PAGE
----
People go to church to seek comfort, guidance, salvation. They go for fellowship and inspiration. They go to find something they’re missing or to give something they have. They go to worship, to celebrate unions, to bid goodbyes. Some go because they want to, others because they are forced to.
Churches—whether they be parishes, cathedrals, synagogues, mosques, or temples—serve as foundations in communities. Houses of worship. Historic and geographic landmarks. Moral compasses. Meeting halls. Soup kitchens. Shelters.
Perhaps, it’s only fitting that a few end up as affordable housing. In recent months, a number of notable developments involving the conversion of a church property into housing have opened or gotten underway.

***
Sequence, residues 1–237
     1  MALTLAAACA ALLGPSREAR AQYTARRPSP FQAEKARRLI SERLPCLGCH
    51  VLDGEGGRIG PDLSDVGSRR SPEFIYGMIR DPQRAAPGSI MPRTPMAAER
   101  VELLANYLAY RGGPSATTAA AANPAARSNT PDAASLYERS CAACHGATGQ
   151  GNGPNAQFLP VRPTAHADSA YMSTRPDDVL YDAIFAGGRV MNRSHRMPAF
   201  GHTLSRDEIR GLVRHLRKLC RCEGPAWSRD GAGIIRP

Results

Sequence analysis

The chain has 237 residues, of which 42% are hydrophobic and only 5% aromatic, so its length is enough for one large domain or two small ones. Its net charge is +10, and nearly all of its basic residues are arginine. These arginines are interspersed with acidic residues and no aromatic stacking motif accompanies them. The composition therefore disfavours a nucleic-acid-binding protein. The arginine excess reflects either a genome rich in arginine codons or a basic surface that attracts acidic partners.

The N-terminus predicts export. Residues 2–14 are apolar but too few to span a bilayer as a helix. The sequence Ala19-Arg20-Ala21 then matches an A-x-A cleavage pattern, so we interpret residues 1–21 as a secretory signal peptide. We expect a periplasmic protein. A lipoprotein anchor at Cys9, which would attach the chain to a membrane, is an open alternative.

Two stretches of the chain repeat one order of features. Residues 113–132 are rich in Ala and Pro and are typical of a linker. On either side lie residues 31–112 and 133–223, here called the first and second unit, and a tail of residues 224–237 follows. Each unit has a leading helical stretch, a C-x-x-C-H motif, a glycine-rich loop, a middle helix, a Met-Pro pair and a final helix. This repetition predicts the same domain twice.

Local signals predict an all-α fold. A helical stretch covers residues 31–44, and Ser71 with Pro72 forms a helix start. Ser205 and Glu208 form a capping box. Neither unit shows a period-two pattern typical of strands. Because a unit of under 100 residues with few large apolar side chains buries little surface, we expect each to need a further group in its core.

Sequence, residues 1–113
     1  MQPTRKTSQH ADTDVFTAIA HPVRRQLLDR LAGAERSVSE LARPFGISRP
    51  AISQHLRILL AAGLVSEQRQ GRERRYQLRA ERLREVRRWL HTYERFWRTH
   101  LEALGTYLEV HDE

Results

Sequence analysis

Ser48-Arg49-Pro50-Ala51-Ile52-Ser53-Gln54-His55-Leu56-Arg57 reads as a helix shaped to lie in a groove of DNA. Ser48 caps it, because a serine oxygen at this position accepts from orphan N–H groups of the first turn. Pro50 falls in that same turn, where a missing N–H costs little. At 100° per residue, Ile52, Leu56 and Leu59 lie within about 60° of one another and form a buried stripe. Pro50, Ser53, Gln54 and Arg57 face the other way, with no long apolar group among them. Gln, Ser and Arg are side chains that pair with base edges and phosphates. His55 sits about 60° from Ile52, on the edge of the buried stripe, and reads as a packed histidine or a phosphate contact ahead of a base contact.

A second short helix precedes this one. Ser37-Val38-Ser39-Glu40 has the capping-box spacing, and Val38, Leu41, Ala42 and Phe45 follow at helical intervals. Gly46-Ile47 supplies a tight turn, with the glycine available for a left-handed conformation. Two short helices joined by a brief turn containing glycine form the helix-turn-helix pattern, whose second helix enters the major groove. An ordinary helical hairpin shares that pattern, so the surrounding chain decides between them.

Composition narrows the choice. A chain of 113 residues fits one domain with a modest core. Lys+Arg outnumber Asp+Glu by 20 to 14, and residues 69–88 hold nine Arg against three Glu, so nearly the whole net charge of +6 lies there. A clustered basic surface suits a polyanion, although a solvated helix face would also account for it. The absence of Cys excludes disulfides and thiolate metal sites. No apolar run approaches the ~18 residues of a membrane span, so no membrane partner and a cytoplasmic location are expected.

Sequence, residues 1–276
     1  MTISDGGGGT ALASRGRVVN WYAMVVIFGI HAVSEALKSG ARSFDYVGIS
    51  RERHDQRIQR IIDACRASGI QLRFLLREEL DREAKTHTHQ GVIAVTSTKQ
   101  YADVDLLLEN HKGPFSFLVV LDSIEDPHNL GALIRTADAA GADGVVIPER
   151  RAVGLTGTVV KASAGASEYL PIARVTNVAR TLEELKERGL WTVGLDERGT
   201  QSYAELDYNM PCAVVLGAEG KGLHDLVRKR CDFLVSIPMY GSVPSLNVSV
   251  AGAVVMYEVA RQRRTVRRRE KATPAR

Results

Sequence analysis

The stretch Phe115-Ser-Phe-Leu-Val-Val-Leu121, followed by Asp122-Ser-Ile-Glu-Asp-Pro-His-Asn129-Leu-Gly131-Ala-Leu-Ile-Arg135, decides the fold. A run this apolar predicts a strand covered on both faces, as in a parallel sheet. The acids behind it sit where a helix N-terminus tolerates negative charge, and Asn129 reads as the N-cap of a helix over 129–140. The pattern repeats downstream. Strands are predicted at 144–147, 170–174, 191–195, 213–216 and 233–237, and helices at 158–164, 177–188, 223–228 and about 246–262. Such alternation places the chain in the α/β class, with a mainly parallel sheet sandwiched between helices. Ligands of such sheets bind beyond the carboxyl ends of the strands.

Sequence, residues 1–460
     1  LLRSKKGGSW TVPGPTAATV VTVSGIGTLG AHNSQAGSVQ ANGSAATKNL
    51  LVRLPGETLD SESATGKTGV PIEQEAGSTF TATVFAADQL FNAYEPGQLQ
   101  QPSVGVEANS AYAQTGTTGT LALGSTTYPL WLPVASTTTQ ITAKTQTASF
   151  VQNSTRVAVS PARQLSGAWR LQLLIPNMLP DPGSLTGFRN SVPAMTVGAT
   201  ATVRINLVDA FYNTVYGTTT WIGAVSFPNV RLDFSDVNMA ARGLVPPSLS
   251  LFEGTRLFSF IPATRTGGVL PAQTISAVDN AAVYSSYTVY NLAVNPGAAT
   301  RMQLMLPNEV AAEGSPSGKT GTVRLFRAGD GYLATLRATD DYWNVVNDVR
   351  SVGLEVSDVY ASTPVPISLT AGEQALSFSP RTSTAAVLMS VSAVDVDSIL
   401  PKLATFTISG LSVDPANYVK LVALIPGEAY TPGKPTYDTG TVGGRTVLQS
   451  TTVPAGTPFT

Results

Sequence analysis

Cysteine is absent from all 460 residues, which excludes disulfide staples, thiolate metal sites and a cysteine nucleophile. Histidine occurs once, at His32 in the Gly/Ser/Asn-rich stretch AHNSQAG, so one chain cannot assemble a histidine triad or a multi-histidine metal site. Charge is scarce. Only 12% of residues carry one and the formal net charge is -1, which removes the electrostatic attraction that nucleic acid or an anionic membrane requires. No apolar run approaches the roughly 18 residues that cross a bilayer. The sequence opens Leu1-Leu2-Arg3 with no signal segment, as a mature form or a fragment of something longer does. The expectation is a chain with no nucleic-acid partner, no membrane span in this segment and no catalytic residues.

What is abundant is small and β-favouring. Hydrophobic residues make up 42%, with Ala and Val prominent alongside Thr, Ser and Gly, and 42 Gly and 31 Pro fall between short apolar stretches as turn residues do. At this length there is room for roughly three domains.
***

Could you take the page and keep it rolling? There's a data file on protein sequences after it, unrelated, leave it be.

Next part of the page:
The projects are varied and complex. For the churches—some of which are seeing declining memberships or have surplus property—they’re a way to raise money and fulfill their missions. For the affordable housing developers who are working with the religious organizations, they’re an opportunity to access precious land. For low-income families, they’re a shot at an affordable home. Amen to that.
Immanuel Place in Long Beach, Calif.
The nearly century-old Immanuel Church has come back to life as 25 homes for low-income seniors in Long Beach, Calif.
Originally built in 1922, the church housed traditional Baptist worship services and was operated as a community center before becoming vacant in 2012. The three-story building was then purchased by Thomas Safran & Associates (TSA), an experienced affordable housing developer and owner.
Like many others, the historic church saw its congregation dwindle over the years. Fortunately, Safran and his team knew how the building could continue to serve the community.
Working with Clifford Beers Housing, a nonprofit affordable housing provider, and city leaders, the developers adapted the building into housing while maintaining the aging church’s unique features.